Last Christmas works in spite of its contrivances and ridiculous plot twist because of the performances by the two leads. Henry Golding is completely charming and guileless as Tom. He’s always smiling and friendly, always looking up to see something cool. (Unfortunately, looking up is what got him killed, but hey, go with me here.) I have not seen Crazy Rich Asians, which appeared to be his breakout role. Based on his performance here, I would say it takes a lot of talent to transcend material like this. Which brings me to his co-star.
Emilia Clarke is completely winning in the role of Katarina. Freed from the stentorian line readings that Game of Thrones often required of her, she appears to be having a great time in the movie. The movie is really a showpiece for her. While her character is careless with her friends and makes bad choices, I never got the feeling that she was a sitcom character. Katarina is self-aware: she knows she’s making bad choices but doesn’t care. She’s reckless, and self-destructive, but never in a way that feels like a caricature. Thankfully, Katarina is not a pretty clutz, which is what all female rom-com characters seem to be. Clarke looks invigorated by the roll. She clearly is having a blast playing a character who is both incredibly funny and full of rough edges. Instead of the stentorian line readings she had to give as Daenerys, she gets to crack-wize and make saucy jokes. And she sings a lot in the movie, and actually does have a good voice.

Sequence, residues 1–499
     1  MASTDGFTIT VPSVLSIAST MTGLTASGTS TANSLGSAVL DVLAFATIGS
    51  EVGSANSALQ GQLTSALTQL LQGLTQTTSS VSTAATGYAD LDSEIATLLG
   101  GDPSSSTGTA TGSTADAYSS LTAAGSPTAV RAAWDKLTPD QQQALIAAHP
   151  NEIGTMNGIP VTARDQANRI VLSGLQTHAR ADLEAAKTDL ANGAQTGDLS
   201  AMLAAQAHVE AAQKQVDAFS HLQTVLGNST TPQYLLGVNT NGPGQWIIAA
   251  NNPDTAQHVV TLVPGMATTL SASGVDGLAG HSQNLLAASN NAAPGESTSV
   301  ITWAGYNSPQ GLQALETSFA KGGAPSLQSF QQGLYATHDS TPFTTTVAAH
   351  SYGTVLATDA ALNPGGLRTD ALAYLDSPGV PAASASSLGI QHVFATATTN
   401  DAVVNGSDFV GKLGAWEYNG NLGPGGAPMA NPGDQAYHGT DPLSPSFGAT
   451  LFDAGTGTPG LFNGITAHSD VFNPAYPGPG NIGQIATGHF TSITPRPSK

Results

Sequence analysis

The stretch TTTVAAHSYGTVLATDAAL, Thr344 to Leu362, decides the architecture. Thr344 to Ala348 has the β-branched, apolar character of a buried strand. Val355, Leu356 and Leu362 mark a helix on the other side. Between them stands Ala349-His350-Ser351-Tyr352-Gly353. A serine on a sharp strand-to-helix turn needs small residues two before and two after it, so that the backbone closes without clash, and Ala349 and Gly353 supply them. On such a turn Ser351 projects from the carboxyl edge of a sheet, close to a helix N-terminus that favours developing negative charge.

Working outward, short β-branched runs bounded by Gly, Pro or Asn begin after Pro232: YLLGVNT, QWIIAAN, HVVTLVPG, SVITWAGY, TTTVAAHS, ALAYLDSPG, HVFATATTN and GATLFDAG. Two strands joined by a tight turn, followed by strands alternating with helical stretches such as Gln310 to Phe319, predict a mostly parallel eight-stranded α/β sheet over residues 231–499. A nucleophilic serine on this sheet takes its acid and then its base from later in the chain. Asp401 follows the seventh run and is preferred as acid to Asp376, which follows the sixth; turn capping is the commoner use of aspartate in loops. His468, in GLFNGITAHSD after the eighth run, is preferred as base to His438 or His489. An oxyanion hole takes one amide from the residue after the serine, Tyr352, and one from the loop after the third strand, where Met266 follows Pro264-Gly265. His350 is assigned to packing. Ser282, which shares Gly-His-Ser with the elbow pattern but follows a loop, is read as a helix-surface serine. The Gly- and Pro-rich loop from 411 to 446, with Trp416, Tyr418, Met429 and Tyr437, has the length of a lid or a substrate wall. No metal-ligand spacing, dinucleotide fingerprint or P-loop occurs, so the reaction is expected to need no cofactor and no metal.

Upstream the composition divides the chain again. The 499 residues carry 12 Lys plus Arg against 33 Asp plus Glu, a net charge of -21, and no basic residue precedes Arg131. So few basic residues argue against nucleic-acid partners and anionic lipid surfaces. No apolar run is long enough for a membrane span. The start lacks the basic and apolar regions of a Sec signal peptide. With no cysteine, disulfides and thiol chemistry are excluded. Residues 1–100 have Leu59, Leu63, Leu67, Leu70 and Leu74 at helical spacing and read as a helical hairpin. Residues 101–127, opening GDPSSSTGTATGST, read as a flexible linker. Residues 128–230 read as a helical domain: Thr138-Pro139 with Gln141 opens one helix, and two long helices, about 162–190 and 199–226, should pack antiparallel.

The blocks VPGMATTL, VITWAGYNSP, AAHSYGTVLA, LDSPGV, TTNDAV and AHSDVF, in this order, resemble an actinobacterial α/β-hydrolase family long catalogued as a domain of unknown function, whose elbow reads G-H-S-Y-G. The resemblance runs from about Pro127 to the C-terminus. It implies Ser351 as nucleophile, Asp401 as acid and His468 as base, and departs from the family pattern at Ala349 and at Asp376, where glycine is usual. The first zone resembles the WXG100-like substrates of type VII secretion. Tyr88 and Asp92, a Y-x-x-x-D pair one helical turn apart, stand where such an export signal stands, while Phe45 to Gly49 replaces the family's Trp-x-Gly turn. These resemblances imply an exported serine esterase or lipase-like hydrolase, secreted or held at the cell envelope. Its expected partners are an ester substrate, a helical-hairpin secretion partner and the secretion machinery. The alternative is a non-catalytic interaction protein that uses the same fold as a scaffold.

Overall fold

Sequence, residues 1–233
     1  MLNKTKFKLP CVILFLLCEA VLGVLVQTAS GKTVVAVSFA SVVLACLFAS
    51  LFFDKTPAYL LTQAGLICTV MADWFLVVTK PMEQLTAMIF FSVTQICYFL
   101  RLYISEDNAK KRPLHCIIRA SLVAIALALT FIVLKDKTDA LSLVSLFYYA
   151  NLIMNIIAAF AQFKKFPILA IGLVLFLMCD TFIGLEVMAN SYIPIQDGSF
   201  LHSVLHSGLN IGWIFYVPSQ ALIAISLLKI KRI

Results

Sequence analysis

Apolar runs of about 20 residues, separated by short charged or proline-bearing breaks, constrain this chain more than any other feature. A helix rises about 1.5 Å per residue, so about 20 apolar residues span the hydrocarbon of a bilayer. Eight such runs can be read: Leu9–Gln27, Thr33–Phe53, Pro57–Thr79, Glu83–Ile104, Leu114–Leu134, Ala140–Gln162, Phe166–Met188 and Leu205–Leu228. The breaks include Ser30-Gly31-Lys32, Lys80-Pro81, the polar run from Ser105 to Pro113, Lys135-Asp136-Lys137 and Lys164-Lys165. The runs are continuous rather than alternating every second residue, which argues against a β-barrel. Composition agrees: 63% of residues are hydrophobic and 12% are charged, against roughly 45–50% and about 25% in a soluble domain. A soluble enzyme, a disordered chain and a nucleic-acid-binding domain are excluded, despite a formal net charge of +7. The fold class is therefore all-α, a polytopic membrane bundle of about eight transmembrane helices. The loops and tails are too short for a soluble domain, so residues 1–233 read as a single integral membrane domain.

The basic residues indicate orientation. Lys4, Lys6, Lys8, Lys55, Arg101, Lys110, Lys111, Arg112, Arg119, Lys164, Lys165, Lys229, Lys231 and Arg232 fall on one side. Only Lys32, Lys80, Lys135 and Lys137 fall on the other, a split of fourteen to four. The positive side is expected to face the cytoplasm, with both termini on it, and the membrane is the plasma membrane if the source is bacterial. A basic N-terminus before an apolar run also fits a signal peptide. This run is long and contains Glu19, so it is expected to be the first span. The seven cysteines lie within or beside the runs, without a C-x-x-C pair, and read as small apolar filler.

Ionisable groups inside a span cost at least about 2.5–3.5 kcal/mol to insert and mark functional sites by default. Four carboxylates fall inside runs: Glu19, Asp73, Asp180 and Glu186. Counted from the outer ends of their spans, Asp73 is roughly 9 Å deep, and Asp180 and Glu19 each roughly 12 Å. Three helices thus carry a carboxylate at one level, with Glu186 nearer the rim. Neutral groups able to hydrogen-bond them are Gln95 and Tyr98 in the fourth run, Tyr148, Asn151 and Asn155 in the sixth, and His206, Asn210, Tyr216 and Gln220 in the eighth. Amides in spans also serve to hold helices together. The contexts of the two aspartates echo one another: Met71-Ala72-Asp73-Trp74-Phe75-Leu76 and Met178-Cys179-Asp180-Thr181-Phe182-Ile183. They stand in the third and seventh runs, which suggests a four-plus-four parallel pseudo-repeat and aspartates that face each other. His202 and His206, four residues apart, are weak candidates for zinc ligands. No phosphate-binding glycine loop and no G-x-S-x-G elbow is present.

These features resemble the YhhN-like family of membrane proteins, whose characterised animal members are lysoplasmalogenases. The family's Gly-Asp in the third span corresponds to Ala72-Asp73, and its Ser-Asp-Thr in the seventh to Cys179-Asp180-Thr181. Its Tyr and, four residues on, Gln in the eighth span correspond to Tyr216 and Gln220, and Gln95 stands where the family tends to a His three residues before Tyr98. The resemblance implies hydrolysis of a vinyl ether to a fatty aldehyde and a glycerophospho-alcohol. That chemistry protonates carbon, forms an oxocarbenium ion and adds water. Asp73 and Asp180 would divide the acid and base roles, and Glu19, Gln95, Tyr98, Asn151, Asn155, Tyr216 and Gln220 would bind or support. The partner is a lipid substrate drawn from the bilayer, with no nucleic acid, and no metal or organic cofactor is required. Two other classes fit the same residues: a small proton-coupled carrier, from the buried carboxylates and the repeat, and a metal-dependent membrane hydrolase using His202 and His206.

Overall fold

After unconvincing turns in franchise retreads (Terminator: Genesys and Solo: A Star Wars Story), Clarke seems much better suited to comedy. Her turn in Me Before You was proof of that, but I’m guessing her GoT bonafides keep the sci-fi/fantasy roles coming her way. While I doubt she would eschew the large payoffs of franchises, I hope that she picks those roles a bit more carefully in the future, and keeps her schedule open for the occasional wacky film like Last Christmas.